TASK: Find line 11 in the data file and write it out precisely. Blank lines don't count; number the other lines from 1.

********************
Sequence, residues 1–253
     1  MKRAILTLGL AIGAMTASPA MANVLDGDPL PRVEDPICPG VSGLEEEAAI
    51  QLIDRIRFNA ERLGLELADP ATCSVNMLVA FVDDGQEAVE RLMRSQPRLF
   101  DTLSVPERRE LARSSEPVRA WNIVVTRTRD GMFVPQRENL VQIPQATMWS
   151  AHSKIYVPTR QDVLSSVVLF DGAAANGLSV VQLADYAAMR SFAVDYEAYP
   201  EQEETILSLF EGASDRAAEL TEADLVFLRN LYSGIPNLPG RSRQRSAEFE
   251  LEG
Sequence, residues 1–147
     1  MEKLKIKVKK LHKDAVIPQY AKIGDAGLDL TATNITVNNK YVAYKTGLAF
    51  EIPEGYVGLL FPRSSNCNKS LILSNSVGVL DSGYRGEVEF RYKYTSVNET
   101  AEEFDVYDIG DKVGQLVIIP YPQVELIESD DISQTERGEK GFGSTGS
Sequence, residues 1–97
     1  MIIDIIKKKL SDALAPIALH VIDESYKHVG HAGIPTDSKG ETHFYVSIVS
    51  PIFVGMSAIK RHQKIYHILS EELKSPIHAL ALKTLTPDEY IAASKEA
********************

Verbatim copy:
   101  AEEFDVYDIG DKVGQLVIIP YPQVELIESD DISQTERGEK GFGSTGS